Small shift in bylaws can make a big difference, and put unceded land back into Indigenous hands
William Azaroff, CEO, Brightside Community Homes Foundation and vice-chair, BCNPHA Board of Directors
Many organizations in the community housing space have begun or continue the important work of reconciliation with Indigenous communities, and decolonizing their organizational practices and policies. As an overwhelmingly land-based sector, normalizing the concept of land-back in the way we conduct our affairs is a key part of the process of decolonizing our organizations and resetting the idea of who owns the land upon which we do our important work. A simple yet highly impactful step that nearly any organization can take starts with changing what happens to the land in the event that an organization should wrap up operations or dissolve.
I have two roles in my professional life. I’m CEO of Brightside Community Homes Foundation in Vancouver and am Vice-Chair of the BCNPHA Board of Directors. I often find myself reflecting on this dual capacity and on actions that can both serve the organization I lead and the community housing sector more broadly. Just such an opportunity arose while updating Brightside’s By Laws; specifically, a potential opportunity to change the language in our standard dissolution clause that could better align with our efforts to decolonize the organization.
As many of us in the community housing space will know, all non-profit housing society By Laws have dissolution clauses that dictate what happens to an organization’s assets in the unlikely event that the organization ceases to exist. The standard language stipulates that in the case of this unfortunate event, the assets would go to other non-profit housing societies with similar missions.
Any time community-owned land changes hands, there is an opportunity to think about the original stewards of the land and consider a land-back opportunity in that transfer. When I refer to land-back, I mean any action that seeks to return ownership, stewardship or control of land and property back to Indigenous authority, recognizing the way it was taken from them.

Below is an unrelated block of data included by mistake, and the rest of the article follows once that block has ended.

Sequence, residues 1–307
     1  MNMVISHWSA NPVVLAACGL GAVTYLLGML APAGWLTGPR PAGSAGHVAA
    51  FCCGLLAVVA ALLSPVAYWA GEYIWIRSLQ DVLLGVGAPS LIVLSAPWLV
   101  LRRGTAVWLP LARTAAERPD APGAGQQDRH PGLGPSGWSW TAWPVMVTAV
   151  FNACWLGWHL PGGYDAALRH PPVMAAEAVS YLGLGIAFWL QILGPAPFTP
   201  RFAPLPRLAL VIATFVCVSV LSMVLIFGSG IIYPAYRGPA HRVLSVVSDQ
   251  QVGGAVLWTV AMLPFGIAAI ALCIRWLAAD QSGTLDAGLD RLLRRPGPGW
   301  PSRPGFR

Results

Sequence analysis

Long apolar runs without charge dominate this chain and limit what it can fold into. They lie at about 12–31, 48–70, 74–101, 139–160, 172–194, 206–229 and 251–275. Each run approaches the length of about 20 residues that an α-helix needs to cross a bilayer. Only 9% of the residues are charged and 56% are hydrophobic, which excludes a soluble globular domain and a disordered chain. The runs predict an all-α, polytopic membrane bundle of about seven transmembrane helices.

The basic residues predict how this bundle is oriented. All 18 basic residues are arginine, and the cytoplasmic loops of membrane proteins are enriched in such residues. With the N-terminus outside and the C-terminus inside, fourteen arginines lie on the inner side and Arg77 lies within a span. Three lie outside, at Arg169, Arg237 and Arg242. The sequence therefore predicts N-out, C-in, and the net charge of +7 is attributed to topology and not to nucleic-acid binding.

At Brightside, we wrestle with what it means to be a land-owning organization on unceded territory and so changed the Dissolution clause in the By Laws to reflect our values. Brightside’s new language states that if our organization ceases to exist, our land assets will first be offered to any First Nations on whose traditional territories that property is on. If no First Nation is interested in receiving the land asset, then it will go to a non-profit housing society with a focus given to those societies serving Indigenous communities.
We consider this a small but important step in our exploration of ways to decolonize our organization. Thinking about decolonization can be daunting, so we need examples of what that can look like in simple, practical terms. We engaged with local First Nations and Indigenous housing organizations on the Dissolution Clause and incorporated their input into the language. We then brought the language to BC Housing who were very supportive of the changing the clause
With BC Housing’s support the changes to Brightside’s Dissolution Clause were recently approved by the BC Minister Responsible for Housing and the changes have now become official. We are very happy that this was such a fast and smooth process.
It is my hope that by sharing this language with all housing societies more of us can, as we update our By Laws, seriously consider changing this language to our Dissolution clauses and consider the original stewards of the land where we do our work.
As a reference the language changed from:
Upon the winding-up or dissolution of the Society the assets remaining after the payment of all costs, charges and expenses properly incurred in the winding-up or dissolution, including the remuneration of a liquidator, and after payment to employees of the Society of any arrears of salaries or wages, and after payment of any other debts of the Society, shall be distributed to a charitable organization or organizations in Canada, registered under the provisions of the Canada Income Tax Act, which shall be designated by the board of directors of the Society.
Upon the winding-up or dissolution of the Society the assets remaining after the payment of all costs, charges and expenses properly incurred in the winding-up or dissolution, including the remuneration of a liquidator, and after payment to employees of the Society of any arrears of salaries or wages, and after payment of any other debts of the Society, shall be distributed to the appropriate First Nation upon whose unceded, ancestral territories the organization operated to further the Nation’s affordable housing objectives, or if those Nations decline some or all of the assets, then the assets remaining shall be distributed to a charitable organization or organization in Canada with similar aims or purposes to those of the Society, registered under the provisions of the Canada Income Tax Act, which shall be designated by the board of directors of the Society with prioritization given to organizations serving Indigenous communities.
If your organization is interested in making this same change to your By Laws, you can copy the paragraph above and replace your own Dissolution clause with this updated language and then work with your BC Housing representative to have that change accepted before submitting to BC Registries online.